Decree 15 contains detailed provisions on how it will apply to projects currently under negotiation. The list of projects which had been announced before 10 April 2015 must be reapproved in accordance with Decree 15, except for cases already approved by the prime minister. Feasibility study reports which had been approved prior to 10 April 2015 do not have to be reapproved. It is unclear what will happen with feasibility studies that have been submitted but not yet been approved before 10 April 2015. Since Decree 15 introduces a new and rather rigorous project screening and formation process, it is possible that the authority may require that these feasibility study reports be resubmitted. Projects that have received approval decisions on investor selection prior to 10 April 15 are exempt from repeating the investor approval process under Decree 15. Project documents that have been initialled prior to the effective date of Decree 15 are not subject to renegotiation. This implies that project documents that are close to being finalised but have not yet been initialled must be renegotiated to be consistent with Decree 15, or otherwise obtain suitable assurances that the lack of renegotiation does not jeopardise their legality and enforceability. This is possible because Decree 15 expressly allows the prime minister to decide on other transition issues upon the proposal of the Ministry of Planning and Investment. Those projects that were granted an investment certificate prior to 10 April 2015 will continue to be governed by their project documents and investment certificates. Decree 15 stops short of specifying that it applies to all existing projects, now that Decree 108 has been repealed. Thus, projects licensed under the old regime may find themselves in something of a legal vacuum in respect of any matters not covered by their investment certificates and project documents.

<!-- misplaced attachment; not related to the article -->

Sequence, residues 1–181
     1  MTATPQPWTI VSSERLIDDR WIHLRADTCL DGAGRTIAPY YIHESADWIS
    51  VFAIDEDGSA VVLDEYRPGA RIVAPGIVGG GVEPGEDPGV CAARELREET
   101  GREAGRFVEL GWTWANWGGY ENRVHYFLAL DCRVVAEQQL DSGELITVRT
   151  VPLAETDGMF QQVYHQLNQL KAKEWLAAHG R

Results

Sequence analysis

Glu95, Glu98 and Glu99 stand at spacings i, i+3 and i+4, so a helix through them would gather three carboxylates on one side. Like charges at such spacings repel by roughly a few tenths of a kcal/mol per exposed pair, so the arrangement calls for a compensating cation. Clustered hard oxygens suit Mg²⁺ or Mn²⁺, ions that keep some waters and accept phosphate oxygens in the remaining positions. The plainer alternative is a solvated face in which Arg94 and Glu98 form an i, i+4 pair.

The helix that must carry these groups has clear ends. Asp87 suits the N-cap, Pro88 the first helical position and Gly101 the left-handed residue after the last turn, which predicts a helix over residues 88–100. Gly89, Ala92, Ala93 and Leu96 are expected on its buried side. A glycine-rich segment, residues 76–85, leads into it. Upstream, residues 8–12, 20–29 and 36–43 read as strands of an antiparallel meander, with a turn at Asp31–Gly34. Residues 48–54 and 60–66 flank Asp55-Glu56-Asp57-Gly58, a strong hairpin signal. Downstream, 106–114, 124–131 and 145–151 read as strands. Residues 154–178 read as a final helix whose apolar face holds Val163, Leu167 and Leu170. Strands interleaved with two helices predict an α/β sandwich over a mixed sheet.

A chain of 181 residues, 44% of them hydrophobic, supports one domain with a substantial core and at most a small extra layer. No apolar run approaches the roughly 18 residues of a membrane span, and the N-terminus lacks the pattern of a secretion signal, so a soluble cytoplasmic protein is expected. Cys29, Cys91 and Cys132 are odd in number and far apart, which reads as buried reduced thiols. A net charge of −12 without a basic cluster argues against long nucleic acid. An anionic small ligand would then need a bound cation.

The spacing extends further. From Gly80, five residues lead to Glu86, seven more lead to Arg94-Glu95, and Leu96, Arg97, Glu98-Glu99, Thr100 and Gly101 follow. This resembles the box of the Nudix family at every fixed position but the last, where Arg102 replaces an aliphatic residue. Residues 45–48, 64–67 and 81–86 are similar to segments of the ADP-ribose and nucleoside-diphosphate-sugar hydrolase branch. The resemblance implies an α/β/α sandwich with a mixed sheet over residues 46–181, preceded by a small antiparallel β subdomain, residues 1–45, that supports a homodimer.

Final notes